Emmerson Nah - Eyewitness "We planned that we were going to go sing "mananitas" with wife alongside with my wife with him. So everything was already set up. Minutes to 5am banging the curve and next thing you see is just flames at the back. So we just parked the vehicle and we came out blowing the horn. They didn't woke up. We got out and we bang the doors and that is when they got alerted and the house is engulfed in flames and by the time we rescued Miss Norma and Corporal and their kids, we went to the following room, but they had already gotten out. The fire was just quick."
All 3 of the adult Petillo brothers immediately went into emergency mode, and they made sure to get their spouses and children out of the burning house. Alfredo Petillo tried to do the same, and he managed to save his common-law wife and their youngest son from the fire.
Zelda Brown "About minutes to 4 when he woke me, he said 'babe get up, fire' he said get out and then he broke the side [wall] from the barber shop and took me and my baby out then the little at the back yelled for him. She said "dad" and he ran in back. He went in back and never came out, any of them."
For the rest of his children, Alfredo Petillo could do nothing to save them; he tried his best to rescue them. Outside, the other frantic family members also had to accept that this father and his kids were beyond help.
Saturinno Petillo "By the time I came out of my house, I grab my son first and my girl grab the youngest child and the she dragged the other child. By that time I realize Pitts ran inside. I didn't know where he want. Then after that, I picked up my daughter from off the bed, because she ran inside back and started to cry. I ran out. I asked Pitts wife where are the kids and she said they were inside. I grabbed a piece of iron rod and whop all the windows and threw water. Only one scream I heard and then silence. I started to throw water telling my brother and his children to come out. Not knowing they already broke the pipe in the bathroom and he was hugging them up to keep them cool. If I had known I would have ran through the corner where he went in and took them out from there. But I didn't know. It when I saw where they were found. it hurts me so much. I can't explain it. If it was me that was in there, my brother would have run through that fire for me."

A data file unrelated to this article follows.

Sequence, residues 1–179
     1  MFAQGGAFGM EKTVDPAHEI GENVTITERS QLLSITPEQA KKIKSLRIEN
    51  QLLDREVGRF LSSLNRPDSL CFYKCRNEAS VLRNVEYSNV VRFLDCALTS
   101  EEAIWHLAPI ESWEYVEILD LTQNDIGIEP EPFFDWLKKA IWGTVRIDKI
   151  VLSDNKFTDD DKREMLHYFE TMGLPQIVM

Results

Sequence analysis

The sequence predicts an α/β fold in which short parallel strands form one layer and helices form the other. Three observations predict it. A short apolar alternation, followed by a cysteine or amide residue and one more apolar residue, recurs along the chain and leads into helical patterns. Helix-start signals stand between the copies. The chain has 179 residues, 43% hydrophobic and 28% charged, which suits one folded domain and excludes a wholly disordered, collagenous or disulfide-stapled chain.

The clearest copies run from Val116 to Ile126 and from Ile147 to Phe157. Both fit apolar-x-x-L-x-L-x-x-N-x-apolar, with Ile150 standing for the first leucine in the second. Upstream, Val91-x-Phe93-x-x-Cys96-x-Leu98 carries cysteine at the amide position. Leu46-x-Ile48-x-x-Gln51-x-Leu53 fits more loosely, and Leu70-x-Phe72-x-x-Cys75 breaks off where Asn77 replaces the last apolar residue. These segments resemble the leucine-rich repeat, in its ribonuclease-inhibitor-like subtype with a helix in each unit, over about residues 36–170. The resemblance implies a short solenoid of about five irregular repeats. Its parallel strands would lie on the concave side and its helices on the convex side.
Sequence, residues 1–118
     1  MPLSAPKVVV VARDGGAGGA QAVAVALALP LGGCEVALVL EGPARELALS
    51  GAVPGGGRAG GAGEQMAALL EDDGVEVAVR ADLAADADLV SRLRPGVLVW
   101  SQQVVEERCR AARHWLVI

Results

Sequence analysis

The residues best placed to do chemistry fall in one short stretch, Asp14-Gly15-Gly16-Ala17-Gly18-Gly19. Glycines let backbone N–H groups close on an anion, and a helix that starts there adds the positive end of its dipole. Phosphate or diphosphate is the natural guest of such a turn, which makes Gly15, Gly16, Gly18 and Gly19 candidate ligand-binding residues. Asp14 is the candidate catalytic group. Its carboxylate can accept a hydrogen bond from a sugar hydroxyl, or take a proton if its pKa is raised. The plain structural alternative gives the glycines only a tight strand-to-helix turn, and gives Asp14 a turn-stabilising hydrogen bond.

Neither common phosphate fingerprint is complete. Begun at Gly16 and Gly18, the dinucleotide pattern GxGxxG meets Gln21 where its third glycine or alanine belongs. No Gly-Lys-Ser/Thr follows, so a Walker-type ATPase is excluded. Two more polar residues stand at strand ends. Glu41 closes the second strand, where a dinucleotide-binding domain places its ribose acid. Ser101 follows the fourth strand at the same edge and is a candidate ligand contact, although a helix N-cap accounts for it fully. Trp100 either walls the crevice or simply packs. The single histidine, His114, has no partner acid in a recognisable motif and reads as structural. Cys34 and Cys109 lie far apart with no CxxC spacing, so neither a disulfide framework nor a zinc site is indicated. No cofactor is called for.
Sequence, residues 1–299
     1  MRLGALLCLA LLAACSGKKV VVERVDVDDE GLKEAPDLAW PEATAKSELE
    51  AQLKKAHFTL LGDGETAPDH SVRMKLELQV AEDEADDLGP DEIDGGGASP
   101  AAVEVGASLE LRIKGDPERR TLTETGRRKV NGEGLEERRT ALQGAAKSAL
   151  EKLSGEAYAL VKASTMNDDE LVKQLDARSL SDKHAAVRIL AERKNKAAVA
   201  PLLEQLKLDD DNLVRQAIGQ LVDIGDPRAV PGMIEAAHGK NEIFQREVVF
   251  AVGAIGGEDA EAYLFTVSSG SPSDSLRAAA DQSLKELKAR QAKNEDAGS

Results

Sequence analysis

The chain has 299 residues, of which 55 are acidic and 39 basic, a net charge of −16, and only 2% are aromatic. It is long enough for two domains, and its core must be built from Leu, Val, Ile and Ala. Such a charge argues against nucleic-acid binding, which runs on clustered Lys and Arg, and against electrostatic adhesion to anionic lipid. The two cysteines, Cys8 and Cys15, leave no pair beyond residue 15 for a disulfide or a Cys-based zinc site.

Zelda Brown "It's the saddest thing when you want to help and you can't help them. He tried his best."
And Alfredo Petillo's family says that he made it well known that he was always prepared to give his life for his kids, if it ever came to that.
Saturinno Petillo "He said that if he is to die, he would die with his family."
Zelda Brown "He always told me that if anything is to happen to his family, that he would die for his family. He went in there to try to save the 3 and he didn't came out, but he managed to get us out and the other 3 children - he died with the baby in his hand."
So, while the Petillo family mourns the loss of these 4 loved ones, 11 more are homeless tonight, and all of their belongings were completely destroyed. Still, they are reflecting on the fact that while this is a terrible state of affairs, it could have been worse, and more lives could have been lost.
Fire Department Says Stove Was Left On
So, you've seen the immense pain and grief in the aftermath of this fire, but up until this afternoon, it was unclear what exactly started it.
The senior command of the National Fire Service hosted a press conference this afternoon to explain in details what their findings show. They say someone just left a pot on the stove and forgot to turn it off:
Ted Smith, Fire Chief, National Fire Service "The fire started from the stove area."
Reporter "Was the stove left on?"
Ted Smith "It appears that something was being cooked on the stove, a sort of aluminum type material as it melted and flowed within the top of the stove. We do have pictures but we didn't get it on the computer. That reflected that. When that occurred, the gas tank that was near and the transparent tubing - once the fire started it quickly broke the transparent tubing."
Reporter "Accidentally left on."
Ted Smith "Certain types of aluminum pots if left on the stove too long and the liquid evaporated out and is not check, aluminum will melt at 1,200 degrees so it will melt."
Reporter "And that started the first fire."
Ted Smith "Right."
Reporter "And then that fire compromised the plastic butane hose and at that point you go from having a small to a torch fire."